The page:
The Socialist Party has no intention of forming a government and trying to solve the problems and conflicts of modern capitalism. It was certainly under no such illusion as was held by the Russian Communist Party—that a Bolshevik dictatorship could control capitalism in the interests of the working class. Instead, the Socialist Party offers to represent the views of those voters who are opposed to the continuance of the capitalist social structure itself, whether capital is controlled by the state or by individuals.
The employment problem exemplifies the conflict between the needs of individuals in society and the market forces exerted by capital. “Job creation” is something that capital tries to do all the time, since it is only through employing men and women who add value that capital can make a profit. But, of course, the booms and slumps of capitalism dictate that there are periods when a percentage of working people are of no use to capital. Whether such workers are left to starve or sustained by some sort of dole depends upon historical and geographical conditions. In Britain and many other western industrial nations government have recognised a vested interest in maintaining workers at a subsistence level until they are needed in the next upsurge in the economy. In spite of this there is, however, in every slump an attack on the living standards of the unemployed in order to reduce the costs of benefit to national capital.
A minimum wage is a concession that a strong working class can extract from its national capitalist class. It is exactly in times of recession, however, that the working class is weak. The threat to withdraw their labour in a strike by those who are employed presents very little problem for employers since there are so many unemployed ready to take their places. A minimum wage is therefore impossible to enforce during a slump, just the time when it is wanted.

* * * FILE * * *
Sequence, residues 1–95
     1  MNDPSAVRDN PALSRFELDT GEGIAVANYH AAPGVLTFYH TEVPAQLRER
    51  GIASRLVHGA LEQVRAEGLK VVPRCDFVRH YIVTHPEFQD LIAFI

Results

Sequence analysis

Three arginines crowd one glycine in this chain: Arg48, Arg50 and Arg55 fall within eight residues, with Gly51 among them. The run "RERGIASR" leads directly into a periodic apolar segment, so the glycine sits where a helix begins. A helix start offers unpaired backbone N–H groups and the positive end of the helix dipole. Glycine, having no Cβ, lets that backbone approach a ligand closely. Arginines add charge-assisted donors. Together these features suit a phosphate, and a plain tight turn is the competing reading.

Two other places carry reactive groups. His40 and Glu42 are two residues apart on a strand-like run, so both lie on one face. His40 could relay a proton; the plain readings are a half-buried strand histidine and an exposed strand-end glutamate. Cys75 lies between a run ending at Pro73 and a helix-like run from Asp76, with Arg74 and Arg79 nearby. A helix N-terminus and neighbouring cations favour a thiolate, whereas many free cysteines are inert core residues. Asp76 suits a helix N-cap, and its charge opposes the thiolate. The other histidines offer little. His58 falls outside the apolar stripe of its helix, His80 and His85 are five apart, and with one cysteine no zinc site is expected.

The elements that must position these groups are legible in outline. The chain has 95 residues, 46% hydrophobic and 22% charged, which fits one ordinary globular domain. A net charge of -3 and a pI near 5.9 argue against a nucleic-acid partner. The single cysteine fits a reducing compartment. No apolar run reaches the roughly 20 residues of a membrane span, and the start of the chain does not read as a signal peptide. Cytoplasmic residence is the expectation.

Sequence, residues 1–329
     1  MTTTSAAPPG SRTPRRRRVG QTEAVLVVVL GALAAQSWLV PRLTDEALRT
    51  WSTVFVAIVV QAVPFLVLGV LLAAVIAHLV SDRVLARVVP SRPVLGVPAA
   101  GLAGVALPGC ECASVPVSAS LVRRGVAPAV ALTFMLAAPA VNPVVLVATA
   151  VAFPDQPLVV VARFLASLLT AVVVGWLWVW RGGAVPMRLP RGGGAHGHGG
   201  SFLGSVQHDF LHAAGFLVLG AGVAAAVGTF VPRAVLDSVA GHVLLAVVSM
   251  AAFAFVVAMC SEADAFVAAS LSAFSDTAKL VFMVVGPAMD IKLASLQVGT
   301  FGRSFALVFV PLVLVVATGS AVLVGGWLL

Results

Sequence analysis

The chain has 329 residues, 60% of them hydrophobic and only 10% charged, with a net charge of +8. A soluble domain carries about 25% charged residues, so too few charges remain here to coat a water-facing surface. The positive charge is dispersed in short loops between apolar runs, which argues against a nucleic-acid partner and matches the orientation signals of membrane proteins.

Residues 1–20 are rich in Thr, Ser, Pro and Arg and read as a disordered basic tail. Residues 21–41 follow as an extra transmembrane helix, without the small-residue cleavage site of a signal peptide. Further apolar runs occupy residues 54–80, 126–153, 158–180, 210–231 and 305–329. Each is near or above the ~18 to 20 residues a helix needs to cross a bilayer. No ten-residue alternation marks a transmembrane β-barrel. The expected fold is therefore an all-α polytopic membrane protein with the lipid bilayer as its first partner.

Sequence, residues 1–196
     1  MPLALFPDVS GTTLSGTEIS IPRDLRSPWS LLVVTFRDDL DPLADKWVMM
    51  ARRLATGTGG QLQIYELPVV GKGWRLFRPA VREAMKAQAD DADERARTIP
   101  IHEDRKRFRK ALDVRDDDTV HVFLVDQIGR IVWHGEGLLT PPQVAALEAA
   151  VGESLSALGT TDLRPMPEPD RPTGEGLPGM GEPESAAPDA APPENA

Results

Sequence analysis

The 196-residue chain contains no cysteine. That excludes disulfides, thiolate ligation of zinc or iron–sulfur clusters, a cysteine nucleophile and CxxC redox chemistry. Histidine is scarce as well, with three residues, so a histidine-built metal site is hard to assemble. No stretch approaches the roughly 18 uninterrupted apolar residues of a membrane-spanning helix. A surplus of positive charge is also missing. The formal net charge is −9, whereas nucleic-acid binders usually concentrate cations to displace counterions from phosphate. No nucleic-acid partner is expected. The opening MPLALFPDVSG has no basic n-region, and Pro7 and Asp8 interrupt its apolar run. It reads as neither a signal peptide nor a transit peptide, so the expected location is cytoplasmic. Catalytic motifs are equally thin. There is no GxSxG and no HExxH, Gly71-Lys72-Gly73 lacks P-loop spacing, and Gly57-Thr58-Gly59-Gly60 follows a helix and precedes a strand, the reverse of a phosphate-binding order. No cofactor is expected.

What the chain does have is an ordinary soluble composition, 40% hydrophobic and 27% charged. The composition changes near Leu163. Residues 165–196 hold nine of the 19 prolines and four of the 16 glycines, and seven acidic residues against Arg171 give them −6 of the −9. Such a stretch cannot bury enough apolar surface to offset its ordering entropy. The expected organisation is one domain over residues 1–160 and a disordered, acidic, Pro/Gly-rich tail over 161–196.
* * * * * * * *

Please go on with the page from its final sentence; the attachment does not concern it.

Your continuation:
Political parties which pretend that government has the power to seriously ameliorate the problems of capitalist society are deceiving the electorate: and so it is no wonder that voters in the West are deeply disenchanted with politicians and even the democratic process itself— a dangerous state of affairs. Even the limited democracy we have achieved, however, is seeping away because capital, as the social relationship it really is, is antithetical to genuine democracy.
What socialists want is a social context in which questions such as education, transport and housing are under the control of real democracy, not the economy and the insatiable drive for profit. We consider that capitalism urgently needs superseding by an organisation of society in which people will work, but not be employed; in which goods are produced because they are needed, not because of the expectation of profit; in which education is a process which individuals, children and adults, choose for themselves, not one which is compulsorily imposed upon them, primarily in the interests of employers.
Each of the problems people experience under the profit system arise not from the nature of existence or even the practicalities of producing and distributing resources, but from the poverty and ruthless competition which are inescapable features of the capitalist political economy throughout the world. To solve them what is required is not a change of government or of government policy, but a change of social system.